How long should I wait before getting my haircut? It’s a question asked by women and men constantly. They may be trying to gain length or spend less money by avoiding the salon, but are they doing more harm than good? As with all things beauty, the answer varies based on several factors, so let’s dive in.
Blunt bobs and eyelash-skimming bangs are gorgeous, but the trade-off is maintenance. If you have a style like this, you’ll have to keep on top of regular trims to make sure your cut stays fresh and neat. Shaggier cuts and textured hair have the good fortune of not needing their hair to be perfectly in-place all the time, so these styles can get away with a few extra weeks!
Speaking of textured hair, it’s a bit of a catch-22. The style doesn’t have to be as precise, but curls and coils tend to be drier than straight hair, so dried-out ends are a risk. Keep up on the moisturizing masks and that should prevent ends from becoming too dry. Fine hair is also more easily damaged than thicker hair and so may require more frequent trims. Shorter layers also make hair lighter and can add volume to hair that tends to fall flat.
If you’ve got hair at your shoulders and dream of locks to your waist, you still need a trim every now and then. If the ends split and break, you’ll lose the length from the bottom no matter how fast it grows out of your scalp. If you want to keep your hair at a specific length, you’ll need to keep on par with how fast your hair grows. You know, get a haircut when it’s too long — the most basic reason!
Hair HealthThis is the most important one. Bleaching, coloring, heat-styling, and tight ponytails can cause hair damage. Too much of any of these activities will leave your hair looking frizzy, flat, and frayed.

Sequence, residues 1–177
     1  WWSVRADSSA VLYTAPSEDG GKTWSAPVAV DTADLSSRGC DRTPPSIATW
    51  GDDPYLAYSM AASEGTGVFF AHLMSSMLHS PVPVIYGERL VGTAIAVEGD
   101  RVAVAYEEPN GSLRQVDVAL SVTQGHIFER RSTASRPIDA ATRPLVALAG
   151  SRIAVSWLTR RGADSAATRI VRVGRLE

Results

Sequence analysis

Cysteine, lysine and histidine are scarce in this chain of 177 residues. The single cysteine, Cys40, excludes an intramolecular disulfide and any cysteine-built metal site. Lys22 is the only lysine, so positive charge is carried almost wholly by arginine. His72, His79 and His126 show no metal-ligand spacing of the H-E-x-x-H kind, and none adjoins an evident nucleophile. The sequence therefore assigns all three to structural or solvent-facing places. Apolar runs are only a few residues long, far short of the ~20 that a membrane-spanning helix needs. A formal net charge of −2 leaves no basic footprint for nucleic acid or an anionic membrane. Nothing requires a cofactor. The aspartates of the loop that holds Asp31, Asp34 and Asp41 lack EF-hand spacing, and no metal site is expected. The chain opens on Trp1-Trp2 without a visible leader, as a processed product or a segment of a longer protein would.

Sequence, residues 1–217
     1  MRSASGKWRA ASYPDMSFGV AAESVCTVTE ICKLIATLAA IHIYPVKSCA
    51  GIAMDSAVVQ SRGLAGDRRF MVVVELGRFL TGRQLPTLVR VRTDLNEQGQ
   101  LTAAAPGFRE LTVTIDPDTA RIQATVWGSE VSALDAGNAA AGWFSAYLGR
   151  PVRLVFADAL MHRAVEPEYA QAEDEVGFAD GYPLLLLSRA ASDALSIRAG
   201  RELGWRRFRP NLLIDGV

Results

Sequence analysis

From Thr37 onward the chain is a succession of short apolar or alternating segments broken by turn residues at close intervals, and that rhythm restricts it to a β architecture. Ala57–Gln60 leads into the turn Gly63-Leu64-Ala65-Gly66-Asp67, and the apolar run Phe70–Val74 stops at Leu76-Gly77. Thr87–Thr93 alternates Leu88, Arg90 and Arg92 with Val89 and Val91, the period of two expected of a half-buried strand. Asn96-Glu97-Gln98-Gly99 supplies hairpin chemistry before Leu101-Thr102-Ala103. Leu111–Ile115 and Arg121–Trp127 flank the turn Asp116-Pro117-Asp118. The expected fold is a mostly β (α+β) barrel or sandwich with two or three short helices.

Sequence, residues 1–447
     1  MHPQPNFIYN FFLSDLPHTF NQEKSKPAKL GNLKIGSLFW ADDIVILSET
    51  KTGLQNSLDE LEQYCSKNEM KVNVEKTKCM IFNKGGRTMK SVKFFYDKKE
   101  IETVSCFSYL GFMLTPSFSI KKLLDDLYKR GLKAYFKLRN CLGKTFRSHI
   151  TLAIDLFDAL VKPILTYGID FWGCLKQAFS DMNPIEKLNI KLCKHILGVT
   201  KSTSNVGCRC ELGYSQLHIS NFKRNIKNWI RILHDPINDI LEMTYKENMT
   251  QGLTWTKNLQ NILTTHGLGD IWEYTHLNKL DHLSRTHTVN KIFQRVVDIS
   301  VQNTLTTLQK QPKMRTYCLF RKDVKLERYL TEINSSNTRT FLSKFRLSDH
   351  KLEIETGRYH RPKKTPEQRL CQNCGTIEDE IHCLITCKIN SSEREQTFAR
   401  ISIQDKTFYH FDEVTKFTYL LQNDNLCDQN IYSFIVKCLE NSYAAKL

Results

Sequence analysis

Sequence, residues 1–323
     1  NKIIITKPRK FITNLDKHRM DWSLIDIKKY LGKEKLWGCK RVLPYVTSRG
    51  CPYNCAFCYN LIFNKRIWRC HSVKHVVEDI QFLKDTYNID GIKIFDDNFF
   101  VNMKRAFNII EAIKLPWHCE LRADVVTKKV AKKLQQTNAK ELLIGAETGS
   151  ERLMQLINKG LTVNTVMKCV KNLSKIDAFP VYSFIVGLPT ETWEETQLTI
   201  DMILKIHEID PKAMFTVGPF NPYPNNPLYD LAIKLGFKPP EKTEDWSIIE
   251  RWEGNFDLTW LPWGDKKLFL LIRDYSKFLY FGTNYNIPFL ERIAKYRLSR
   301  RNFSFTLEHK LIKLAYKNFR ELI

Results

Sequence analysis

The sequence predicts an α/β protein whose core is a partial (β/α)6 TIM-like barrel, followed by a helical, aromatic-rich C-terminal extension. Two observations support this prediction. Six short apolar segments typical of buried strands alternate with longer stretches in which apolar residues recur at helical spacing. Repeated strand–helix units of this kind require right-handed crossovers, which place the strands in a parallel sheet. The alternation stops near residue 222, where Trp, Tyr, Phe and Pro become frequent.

Hair Health Tips:
- When you do heat-style, use a heat protectant
- Try a looser ponytail, or use a scrunchie (they're gentler on the hair!)
- Don’t bleach or color over parts of your hair you’ve already damaged
- Try sleeping on a satin or silk pillowcase to prevent friction-breakage
- Use a microfiber towel or cotton t-shirt to dry your hair
The healthier you keep your hair, the less frequently you’ll have to cut it!
Okay, so how long!?
About 6-12 weeks, depending on the factors discussed above. It isn’t an exact science, but just listen to your hair; you’ll know what it needs. If it needs moisture, do a mask. Curls falling limp? Try a protein treatment. Lots of broken strands around your scalp? Loosen the ponytail (try a scrunchie or claw clip!)
Daring enough to try a trim on your own? It could be great or...just start with a little bit at a time, okay? Definitely watch one of the many YouTube videos giving advice before taking the leap. Manes by Mell and Brad Mondo both have thorough, professional tutorials for women and men!
P.S. Now that you've got the tips on keeping your hair healthy, check out a few of our favorite products to keep your color perfect here!
By: Katie Maus